August 31, 2020

Running your own business is an onerous affair, let alone in the midst of a pandemic. Many companies have been badly affected by the economic slowdown and are under huge financial strain to stay afloat. In an attempt to cushion the impact of Covid-19, millions of business owners have had to be resourceful to make up for lost income and find ways to sustain their business. Kara Bensley, founder of The WYLD shop, admits that although it has been a gruelling period, her team has managed to keep costs low by being prudent and as efficient as possible.

While every business should have enough cash reserves to last for a few months, cutting costs is one way to avoid becoming insolvent. Another option would be to eliminate unnecessary overhead. Thinking of improving your bottom line during these challenging times? Here are four things to do.

Go In-House

Janice Wong, chef-owner of 2am:dessert bar, said that in order to scale down, they terminated existing contracts with external vendors like Chope and started integrating their own complimentary reservation system that had no monthly or hidden fees per reservation. Similarly, Pia Chew, founder of local clothing brand Dustbunny Vintage, decided to cut down on outsourcing some of their tailoring and did it in-house instead. “To save costs, I even started to take up sewing. I got myself a pro sewing machine from Juki and did the work myself, ” she said. 

Consider spending time to learn new skills that could pay off in the form of long-term savings. For example, instead of relying on a graphic designer, approach someone to teach you the fundamentals, or read up and watch instructional videos that demonstrate the basics. In addition, make use of free applications like Canva to construct your own designs for Instagram posts and stories as well as marketing campaigns.

Get Customers to Amplify Your Marketing Message

Every business owner knows the power of marketing, but running an extensive marketing campaign can be costly. Instead of busting your budget to generate leads, look to your customers as your best marketing aid to help you create user-generated content. User-generated content is not only free, but also creates higher levels of engagement and garners more followers. For example, software application Buffer successfully increased their Instagram following by 400 per cent just by utilising UGC campaigns. If you run an e-commerce platform, ask those who follow your page on social media to post pictures of items they bought, use the relevant hashtags and talk about the product in their captions. Since working from home is still the norm and many of us tend to spend our breaks browsing social media sites, use this as an opportunity to galvanise the community into supporting your brand.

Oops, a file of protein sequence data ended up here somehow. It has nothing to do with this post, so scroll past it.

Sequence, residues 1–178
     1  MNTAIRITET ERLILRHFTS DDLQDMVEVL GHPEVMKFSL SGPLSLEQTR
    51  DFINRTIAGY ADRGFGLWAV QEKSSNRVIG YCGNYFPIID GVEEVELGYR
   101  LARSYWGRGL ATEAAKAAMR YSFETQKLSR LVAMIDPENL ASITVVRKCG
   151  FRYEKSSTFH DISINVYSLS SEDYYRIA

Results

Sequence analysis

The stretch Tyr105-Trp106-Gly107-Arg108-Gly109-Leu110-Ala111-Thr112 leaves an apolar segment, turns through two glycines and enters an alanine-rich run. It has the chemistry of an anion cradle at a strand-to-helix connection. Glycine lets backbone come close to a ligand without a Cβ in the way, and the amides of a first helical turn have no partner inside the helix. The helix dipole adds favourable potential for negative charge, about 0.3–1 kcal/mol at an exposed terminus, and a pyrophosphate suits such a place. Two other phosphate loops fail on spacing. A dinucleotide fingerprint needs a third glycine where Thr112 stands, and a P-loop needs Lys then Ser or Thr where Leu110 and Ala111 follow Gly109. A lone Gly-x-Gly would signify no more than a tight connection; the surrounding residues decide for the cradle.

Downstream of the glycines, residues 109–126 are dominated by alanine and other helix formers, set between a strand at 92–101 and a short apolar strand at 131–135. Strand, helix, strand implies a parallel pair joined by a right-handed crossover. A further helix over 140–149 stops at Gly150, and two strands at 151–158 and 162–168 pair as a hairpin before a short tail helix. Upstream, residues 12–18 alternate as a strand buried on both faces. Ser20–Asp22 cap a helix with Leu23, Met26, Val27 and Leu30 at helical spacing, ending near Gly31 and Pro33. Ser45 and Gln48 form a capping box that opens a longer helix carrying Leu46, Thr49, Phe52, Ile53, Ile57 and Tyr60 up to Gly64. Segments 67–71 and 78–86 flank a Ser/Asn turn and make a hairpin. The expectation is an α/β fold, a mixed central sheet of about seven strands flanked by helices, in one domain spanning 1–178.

Reduce Non-Essential Expenditure

Find ways to operate as lean as possible by reducing unnecessary expenses. Keep your day-to-day costs of operations low. Stop paying for software programmes you don’t need or a monthly PR retainer. Rental is one of the biggest cash flow killers, so try to renegotiate payment terms with your landlord. For the past few months, Bensley only spent on what she felt would keep the business alive. “During our nearly three-month closure, we cut down on things we’d normally spend on like electricity, event supplies for our shopping parties, photography services and models.” Be aware of what your financial liabilities are and be quick to anticipate when your cash flow is going to be negative. 

Be Creative and Flexible 

Founder of e-commerce giant Amazon Jeff Bezos was reported by Forbes to be the first person ever to have a net worth exceeding US$200 billion. According to the billionaire, his secret to his success is to be frugal. He said, “I think frugality drives innovation, just like other constraints do. One of the only ways to get out of a tight box is to invent your way out.” Too often, money is seen as a quick fix. But for businesses facing financial difficulties due to the pandemic, they have to come up with creative solutions to problems through trial and error. Most of the time, these on-the-fly solutions turn out to be better than those that you would throw money at, because we are driven to think out of the box.

For Janice Wong, Covid-19 has impacted her business and plans. Hence, to mitigate additional losses, the team altered their approach towards their mooncake launch. “Since Covid-19 happened, we decided to launch with a different packaging, as we want as many locals to enjoy our mooncake creations at a reasonable price, ” she said. This means offering up to 35 per cent discount to consumers who purchase their mooncakes on their new online reservation platform. Dustbunny Vintage has had to flex their creativity too, and quickly started selling face masks made of vintage material and off-cuts from batik fabrics. By doing so, they used up their existing material, reduced wastage and decreased expenditure.